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Hyde Park Picture House

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by Rosie Kate Whitney (subscribe)
I'm studying English at Leeds University, eager for experience in writing.
Published October 30th 2012
Hyde Park Picture House
An eerie Halloween night at the Picture House!


When I moved to Leeds I was expecting busy roads, tall buildings, pickpockets and burglars. (My mum warned me about the last two). What I was not expecting was the gorgeous antique culture available around every corner. Literally, around the corner of my street, two doors down, I stumbled upon Hyde Park Picture House. I'm somewhat ashamed to admit that I only noticed it as I was on my way back from the adjacent 24 hour Sainsbury's on a midnight biscuit run. A mixture of moving house, starting a new university, and pure laziness stopped me from exploring the picture house, but last weekend, I finally got off my bum and paid them a visit.

I wish I'd not been so lazy! The queue in front of the old school ticket booth crawled out onto the pavement, but shifted quickly. Our (student) tickets were £4.80, which was pleasurable for my purse, and we got to sit on the balcony. The design on the outside of the building is as beautiful as it is inside, and the rich red velvet that appears on the curtain, chairs and (of course!) the carpet is the icing on the cake. There was a cute little booth with a few drinks and snacks, which were gloriously priced for a cinema. The theatre itself was surprisingly huge, and living two doors down, I still constantly wonder how it fits in the building. The seats were comfy and the view was uninhibited, thanks to the craftily simple seating arrangement, something that quite a few cinemas have yet to realise.

I was half expecting the film to be of a quality suited to the décor; somewhat dated. Which in retrospect was an incredibly stupid thought, especially as we were watching a new film that wouldn't have been tarnished to a vintage standard, like those tacky holey jeans that you buy new. The image, I'm glad to say, was crystal clear, and the sound was equally as pleasing. On a slightly irrelevant note the film that we watched was Looper and you should definitely go and see it. Just try to ignore Joseph Gordon-Levitt's eyebrows.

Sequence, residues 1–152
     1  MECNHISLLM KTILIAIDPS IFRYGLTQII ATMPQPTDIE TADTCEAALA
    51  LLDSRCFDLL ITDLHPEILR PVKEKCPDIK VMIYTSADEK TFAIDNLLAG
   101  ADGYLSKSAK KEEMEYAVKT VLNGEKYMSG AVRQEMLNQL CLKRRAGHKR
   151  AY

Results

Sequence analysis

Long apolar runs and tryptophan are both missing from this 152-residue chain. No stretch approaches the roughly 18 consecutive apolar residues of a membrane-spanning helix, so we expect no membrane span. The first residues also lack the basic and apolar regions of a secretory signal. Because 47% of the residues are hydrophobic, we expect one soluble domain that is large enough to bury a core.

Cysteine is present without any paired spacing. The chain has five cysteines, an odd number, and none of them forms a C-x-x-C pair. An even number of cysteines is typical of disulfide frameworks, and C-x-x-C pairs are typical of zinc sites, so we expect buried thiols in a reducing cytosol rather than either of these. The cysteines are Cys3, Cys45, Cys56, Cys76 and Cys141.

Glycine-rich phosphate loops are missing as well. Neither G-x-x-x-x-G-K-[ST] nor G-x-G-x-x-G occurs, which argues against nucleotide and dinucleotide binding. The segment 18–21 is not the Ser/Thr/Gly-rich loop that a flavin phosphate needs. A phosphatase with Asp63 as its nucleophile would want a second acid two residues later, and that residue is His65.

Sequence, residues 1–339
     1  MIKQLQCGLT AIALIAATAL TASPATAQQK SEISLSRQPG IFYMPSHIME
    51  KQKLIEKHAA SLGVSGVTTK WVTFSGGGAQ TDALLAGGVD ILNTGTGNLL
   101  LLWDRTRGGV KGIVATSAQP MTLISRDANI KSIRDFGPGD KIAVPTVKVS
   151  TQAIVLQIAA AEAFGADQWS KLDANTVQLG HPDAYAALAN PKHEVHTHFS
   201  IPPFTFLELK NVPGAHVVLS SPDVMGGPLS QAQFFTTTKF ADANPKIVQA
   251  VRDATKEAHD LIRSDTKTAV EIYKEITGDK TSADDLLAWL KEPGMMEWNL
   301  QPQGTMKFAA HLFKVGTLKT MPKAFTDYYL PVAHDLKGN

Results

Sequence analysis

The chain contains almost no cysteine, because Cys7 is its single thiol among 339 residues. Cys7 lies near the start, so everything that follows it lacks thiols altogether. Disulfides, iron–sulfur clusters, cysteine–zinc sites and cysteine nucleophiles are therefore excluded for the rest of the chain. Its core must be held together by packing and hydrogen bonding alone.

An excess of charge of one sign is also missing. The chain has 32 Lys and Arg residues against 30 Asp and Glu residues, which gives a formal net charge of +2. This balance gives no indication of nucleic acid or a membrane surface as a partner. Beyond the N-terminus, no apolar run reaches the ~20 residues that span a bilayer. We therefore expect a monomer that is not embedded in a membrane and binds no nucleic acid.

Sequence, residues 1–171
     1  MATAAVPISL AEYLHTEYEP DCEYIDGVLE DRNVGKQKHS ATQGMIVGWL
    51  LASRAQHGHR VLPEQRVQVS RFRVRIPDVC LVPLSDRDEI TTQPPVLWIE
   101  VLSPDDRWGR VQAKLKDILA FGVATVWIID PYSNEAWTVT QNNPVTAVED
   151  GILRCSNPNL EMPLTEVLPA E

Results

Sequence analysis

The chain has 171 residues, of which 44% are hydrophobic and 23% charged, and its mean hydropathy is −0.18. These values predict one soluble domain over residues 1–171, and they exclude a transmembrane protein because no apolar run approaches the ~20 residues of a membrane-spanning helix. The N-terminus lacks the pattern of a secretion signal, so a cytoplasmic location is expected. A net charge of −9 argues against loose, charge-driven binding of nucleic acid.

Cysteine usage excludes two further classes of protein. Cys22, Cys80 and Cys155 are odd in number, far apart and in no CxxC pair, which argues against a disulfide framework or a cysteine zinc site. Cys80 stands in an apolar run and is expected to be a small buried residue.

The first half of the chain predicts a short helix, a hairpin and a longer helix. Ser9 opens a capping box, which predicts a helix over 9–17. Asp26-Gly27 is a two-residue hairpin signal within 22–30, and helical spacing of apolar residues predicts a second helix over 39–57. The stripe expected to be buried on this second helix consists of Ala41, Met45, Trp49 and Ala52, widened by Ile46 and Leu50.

The staff were chirpy and friendly, I'll give a special mention to the cleaner who, when I asked if I could take a photo of the theatre after the movie, replied with "Okay, but I can't promise I won't be posing in it!"

Parking was a slight problem, as in the middle of a heavily populated (and primarily student) area, there's no car park. There are (limited) spaces available on the street outside of the surrounding houses, but park at your own risk. I've only lived here for a few months, and have already seen more near misses and drunken lack of balance than I ever did before. There is a bus stop right outside the cinema though, so if you fear for your car/love the environment, there is a better option.

The only (questionable) set back to this beautiful picture house is the range of new films that they show. If you're looking to see all the new box-office smashers or (heaven forbid) the new Twilight movie then perhaps this isn't the place for you. However, if you are interested in classic films, foreign films, quirky films, and can live with just a few big named films, this is absolutely the place for you. The cinema runs a great program for kids, with Saturday matinees showing loveable (and not necessarily new) children's films, with the adults' tickets at a reduced price of £4.50 and the children getting in for a measly £1. The range of films shown every Saturday at 12 noon is awesome, ranging from the 1986 Labyrinth (yes, the one with David Bowie in those trousers), right up to Despicable Me, which is securely in the list of my top ten films. The picture house has a delightful program of bloody horror films lined up for Halloween, including the 1968 classic Night of the Living Dead and the new digital print of that ultimate horror (just when you thought it was safe to go back to the cinema), Jaws.

The cinema has great special offers on tickets, including £4.50 on weekdays before 5pm, buy ten get one free, and they also take part in the Orange Wednesdays two for one deal, which is great value for money. The screen is also equipped with audio description and subtitle facilities. So there really is no reason to not pay a visit!
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Why? Leeds' Premier Art House Cinema
Where: 73 Brudenell Road, Headingley, Leeds, West Yorkshire LS6 1JD, United Kingdom
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